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Meeting Survivors' Needs: A Multi-State Study of Domestic Violence Shelter Experiences, Summary of Findings

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dc.contributor.author Lyon, Eleanor
dc.contributor.author Lane, Shannon
dc.contributor.author Menard, Anne
dc.date.accessioned 2017-11-27T22:27:17Z
dc.date.available 2017-11-27T22:27:17Z
dc.date.issued 2008
dc.identifier.citation Lyon, Eleanor; Lane, Shannon; Menard, Anne. (2008). Meeting Survivors' Needs: A Multi-State Study of Domestic Violence Shelter Experiences, Summary of Findings. National Resource Center on Domestic Violence and University of Connecticut School of Social Work, 4 pgs. en_US
dc.identifier.govdoc NCJ 226046
dc.identifier.uri http://www.ncjrs.gov/pdffiles1/nij/grants/226046.pdf
dc.identifier.uri http://hdl.handle.net/20.500.11990/356
dc.description Research Brief en_US
dc.description.abstract This report summarizes findings from a multi-State study of survivors’ experiences in domestic-violence shelters. The findings show that domestic-violence shelters serve a critical need for people who have experienced abuse from intimate partners. Shelters provide a wide variety of educational, emotional, psychological, attitudinal, and practical benefits to domestic-violence victims. For all identified needs, 75 percent of survivors got at least some of the help they wanted. Nearly all survivors reported they got the help they wanted for their personal safety and safety planning for the future. Conflicts with other residents were the most common conflict experienced in the shelters. Shelter programs can improve their strategies for addressing survivors’ emotional and mental health needs, physical health issues, housing, educational, and economic issues, as well as substance abuse. These were the most prominent needs that shelter residents reported were not being fully met. The study identified some differences in needs based on the race/ethnicity of survivors. These include lack of respect for cultural customs. Efforts to expand staff diversity and to create working environments supportive to all staff should continue. Data were collected from October 2007 to March 2008, using surveys completed by 3,410 residents of 215 domestic-violence shelters representing 81 percent of the shelters in 8 States. (CVRL Note: See also NCJ 225025 (final report) and NCJ 226045 (executive summary).) (NCJRS Abstract) en_US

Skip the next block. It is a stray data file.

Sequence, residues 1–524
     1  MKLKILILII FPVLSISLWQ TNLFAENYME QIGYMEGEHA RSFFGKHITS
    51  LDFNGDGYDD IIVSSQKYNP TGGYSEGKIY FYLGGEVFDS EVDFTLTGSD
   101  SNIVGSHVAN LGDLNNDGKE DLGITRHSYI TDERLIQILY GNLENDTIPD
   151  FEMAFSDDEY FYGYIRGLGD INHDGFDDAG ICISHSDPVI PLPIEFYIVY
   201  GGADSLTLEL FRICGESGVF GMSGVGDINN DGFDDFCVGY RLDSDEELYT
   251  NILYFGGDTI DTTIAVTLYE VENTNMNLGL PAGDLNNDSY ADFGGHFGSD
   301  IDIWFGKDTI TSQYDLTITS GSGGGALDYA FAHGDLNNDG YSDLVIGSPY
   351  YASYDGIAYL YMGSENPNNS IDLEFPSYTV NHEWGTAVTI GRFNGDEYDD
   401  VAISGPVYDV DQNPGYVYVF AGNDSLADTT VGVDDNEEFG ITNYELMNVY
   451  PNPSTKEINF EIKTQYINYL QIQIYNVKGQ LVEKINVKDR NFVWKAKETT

dc.language.iso en_US en_US
dc.publisher National Resource Center on Domestic Violence (NRCDV) en_US
dc.relation.isbasedon Meeting Survivors' Needs: A Multi-State Study of Domestic Violence Shelter Experiences, Final Report
dc.relation.uri http://hdl.handle.net/20.500.11990/351
dc.subject Program Evaluation en_US
dc.subject Residential Services en_US
dc.subject Transitional Housing en_US
dc.subject Safe Houses en_US
dc.subject Accessibility Services en_US
dc.subject Group Treatment en_US
dc.subject Crisis Counseling en_US
dc.subject Advocacy en_US
dc.subject Physical Disability en_US
dc.subject Disabled en_US
dc.subject Multilingual en_US
dc.subject Male Victims en_US
dc.subject Domestic Abuse en_US
dc.subject Spouse Abuse en_US
dc.subject Intimate Partner Violence en_US
dc.subject Emotional Burden en_US
dc.title Meeting Survivors' Needs: A Multi-State Study of Domestic Violence Shelter Experiences, Summary of Findings en_US
dc.type Other en_US


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